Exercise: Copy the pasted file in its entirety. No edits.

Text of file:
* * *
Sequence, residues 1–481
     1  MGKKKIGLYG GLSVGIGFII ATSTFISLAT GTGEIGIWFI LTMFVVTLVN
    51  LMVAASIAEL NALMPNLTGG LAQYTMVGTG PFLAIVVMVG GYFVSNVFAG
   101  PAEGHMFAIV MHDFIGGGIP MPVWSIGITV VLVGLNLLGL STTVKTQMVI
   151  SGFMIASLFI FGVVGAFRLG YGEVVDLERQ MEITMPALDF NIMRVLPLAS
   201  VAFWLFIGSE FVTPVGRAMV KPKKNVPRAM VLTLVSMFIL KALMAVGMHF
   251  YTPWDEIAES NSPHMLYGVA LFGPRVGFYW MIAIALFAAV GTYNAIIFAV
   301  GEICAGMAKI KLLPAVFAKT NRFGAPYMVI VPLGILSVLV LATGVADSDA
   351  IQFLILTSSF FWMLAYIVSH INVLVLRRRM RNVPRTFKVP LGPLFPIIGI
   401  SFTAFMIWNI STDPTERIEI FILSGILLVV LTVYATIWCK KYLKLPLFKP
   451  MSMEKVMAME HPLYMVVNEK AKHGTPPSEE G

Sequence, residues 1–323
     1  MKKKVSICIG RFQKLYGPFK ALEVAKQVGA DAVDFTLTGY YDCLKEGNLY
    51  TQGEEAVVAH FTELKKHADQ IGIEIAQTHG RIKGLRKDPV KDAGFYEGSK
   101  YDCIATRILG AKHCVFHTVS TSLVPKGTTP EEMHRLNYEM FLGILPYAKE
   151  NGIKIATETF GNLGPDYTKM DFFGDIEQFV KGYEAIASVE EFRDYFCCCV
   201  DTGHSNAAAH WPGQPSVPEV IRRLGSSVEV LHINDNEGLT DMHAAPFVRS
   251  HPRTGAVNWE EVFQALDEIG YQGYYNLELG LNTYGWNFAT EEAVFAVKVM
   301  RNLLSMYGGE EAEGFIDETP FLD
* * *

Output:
Sequence, residues 1–481
     1  MGKKKIGLYG GLSVGIGFII ATSTFISLAT GTGEIGIWFI LTMFVVTLVN
    51  LMVAASIAEL NALMPNLTGG LAQYTMVGTG PFLAIVVMVG GYFVSNVFAG
   101  PAEGHMFAIV MHDFIGGGIP MPVWSIGITV VLVGLNLLGL STTVKTQMVI
   151  SGFMIASLFI FGVVGAFRLG YGEVVDLERQ MEITMPALDF NIMRVLPLAS
   201  VAFWLFIGSE FVTPVGRAMV KPKKNVPRAM VLTLVSMFIL KALMAVGMHF
   251  YTPWDEIAES NSPHMLYGVA LFGPRVGFYW MIAIALFAAV GTYNAIIFAV
   301  GEICAGMAKI KLLPAVFAKT NRFGAPYMVI VPLGILSVLV LATGVADSDA
   351  IQFLILTSSF FWMLAYIVSH INVLVLRRRM RNVPRTFKVP LGPLFPIIGI
   401  SFTAFMIWNI STDPTERIEI FILSGILLVV LTVYATIWCK KYLKLPLFKP
   451  MSMEKVMAME HPLYMVVNEK AKHGTPPSEE G

Sequence, residues 1–323
     1  MKKKVSICIG RFQKLYGPFK ALEVAKQVGA DAVDFTLTGY YDCLKEGNLY
    51  TQGEEAVVAH FTELKKHADQ IGIEIAQTHG RIKGLRKDPV KDAGFYEGSK
   101  YDCIATRILG AKHCVFHTVS TSLVPKGTTP EEMHRLNYEM FLGILPYAKE
   151  NGIKIATETF GNLGPDYTKM DFFGDIEQFV KGYEAIASVE EFRDYFCCCV
   201  DTGHSNAAAH WPGQPSVPEV IRRLGSSVEV LHINDNEGLT DMHAAPFVRS
   251  HPRTGAVNWE EVFQALDEIG YQGYYNLELG LNTYGWNFAT EEAVFAVKVM
   301  RNLLSMYGGE EAEGFIDETP FLD